My Love Affair with Post Office Square
I’m having an affair with Norman Leventhal . . . or at least, with his namesake park in Post Office Square. I had been in a committed relationship with the Common, but as the weather improves, it gets crowded. Occasionally, I get a painful reminder (in the form of a Frisbee to the head) that I am not the only woman in its life. So I started looking, if not for greener pastures, at least for a new patch of green where I could relax and enjoy the urban outdoors this summer. I found it downtown.
Norman B. Leventhal Park is the proper name for the green oasis that most Bostonians call Post Office Square. It straddles Congress and Pearl Streets downtown, and while I cut through it nearly everyday on my walk to work, I rarely thought of it as a destination until relatively recently. I was formally introduced to the park last summer, and it became my regular outdoor lunch date. I’m now waiting for it to be both warm enough and dry enough to rendezvous with Norman again.
I usually bring my lunch, but you also can pick up a salad, sandwich or soup from Sip Café, which is nestled on the south side of the park along Franklin Street. Sip is open all day and uses locally grown produce in its offerings.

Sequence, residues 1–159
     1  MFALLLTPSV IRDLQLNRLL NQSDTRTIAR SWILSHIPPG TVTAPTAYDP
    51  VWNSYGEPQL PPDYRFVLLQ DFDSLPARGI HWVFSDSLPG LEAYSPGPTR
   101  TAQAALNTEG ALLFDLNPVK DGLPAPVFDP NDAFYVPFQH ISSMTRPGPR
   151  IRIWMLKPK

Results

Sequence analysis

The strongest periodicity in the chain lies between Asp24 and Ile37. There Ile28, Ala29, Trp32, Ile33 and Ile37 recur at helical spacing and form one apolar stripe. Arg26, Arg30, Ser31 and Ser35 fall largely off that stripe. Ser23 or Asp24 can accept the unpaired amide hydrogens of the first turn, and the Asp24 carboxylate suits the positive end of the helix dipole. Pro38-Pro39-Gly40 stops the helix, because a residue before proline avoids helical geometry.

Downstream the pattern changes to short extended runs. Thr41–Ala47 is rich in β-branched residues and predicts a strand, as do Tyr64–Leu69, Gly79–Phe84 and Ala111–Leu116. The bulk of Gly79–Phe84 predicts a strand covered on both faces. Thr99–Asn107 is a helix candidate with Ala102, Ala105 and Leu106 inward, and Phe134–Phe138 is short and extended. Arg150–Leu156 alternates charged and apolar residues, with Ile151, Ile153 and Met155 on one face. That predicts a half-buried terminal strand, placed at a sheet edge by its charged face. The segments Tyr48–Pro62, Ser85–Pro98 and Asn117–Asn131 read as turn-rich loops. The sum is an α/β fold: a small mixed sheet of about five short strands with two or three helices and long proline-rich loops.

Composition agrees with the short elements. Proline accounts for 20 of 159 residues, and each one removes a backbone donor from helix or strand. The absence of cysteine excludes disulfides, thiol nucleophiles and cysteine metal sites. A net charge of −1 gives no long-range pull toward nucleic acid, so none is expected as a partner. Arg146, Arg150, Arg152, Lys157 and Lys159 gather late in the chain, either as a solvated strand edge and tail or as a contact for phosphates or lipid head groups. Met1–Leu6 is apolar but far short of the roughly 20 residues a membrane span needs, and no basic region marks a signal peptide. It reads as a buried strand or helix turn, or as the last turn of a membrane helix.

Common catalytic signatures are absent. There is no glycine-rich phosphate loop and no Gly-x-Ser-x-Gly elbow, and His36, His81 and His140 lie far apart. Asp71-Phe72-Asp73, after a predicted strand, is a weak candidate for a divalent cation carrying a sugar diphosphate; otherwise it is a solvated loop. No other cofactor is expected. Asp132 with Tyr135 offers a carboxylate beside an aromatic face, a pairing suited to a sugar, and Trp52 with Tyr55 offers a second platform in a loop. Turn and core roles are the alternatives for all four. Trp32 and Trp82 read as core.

Unlike the larger Boston Common or Public Garden, Norman Leventhal Park offers a collection of free amenities that is, for lack of a better word, unique for public parks. During the work week, you can borrow seat cushions, which makes sitting gracefully on the grass in a skirt much more comfortable and prevents grass stains on white jeans, my summer staple. You can continue working from the lawn using the park’s free Wi-Fi or disconnect from the office and borrow a book from the so-called Library on the Lawn. What a genius idea!
Twice a week starting in June, live music plays at midday, from harpists to jazz quartets to blues. Post Office Square is a cozy size that at lunchtime feels bustling. It’s just crowded enough so you feel as if you are in the middle of the action, but finding a table, a corner of bench, or plot of grass isn’t difficult. And with young professionals fleeing their offices as if a recess bell rang, the people-watching can’t be beat.
The park isn’t just a lunchtime destination, though. Last summer, they introduced free fitness classes. I didn’t take any but walked by a few times and felt incredibly lazy for not taking advantage. This summer, the classes are back, and they have beefed up their schedule. Five mornings and three evenings a week you can take yoga, Pilates, Zumba, or boot camp classes with no need to sign up.
In addition to all these offerings, there is also the lush atmosphere, which stands on its own: beautiful flowers, plants and bushes; a fountain that not only provides a tranquil soundtrack but also serves as a cooling station for children (and some adults) who dip their feet in on particularly hot days. You also can sit in the shade of the long garden trellis that runs nearly the length of the park.
For city dwellers, green space is a must, especially in the summer. We are all looking to find a relationship with a park that can last for the long haul. I have visited a lot of parks over the years, but I think Post Office Square may just be “the one” for me.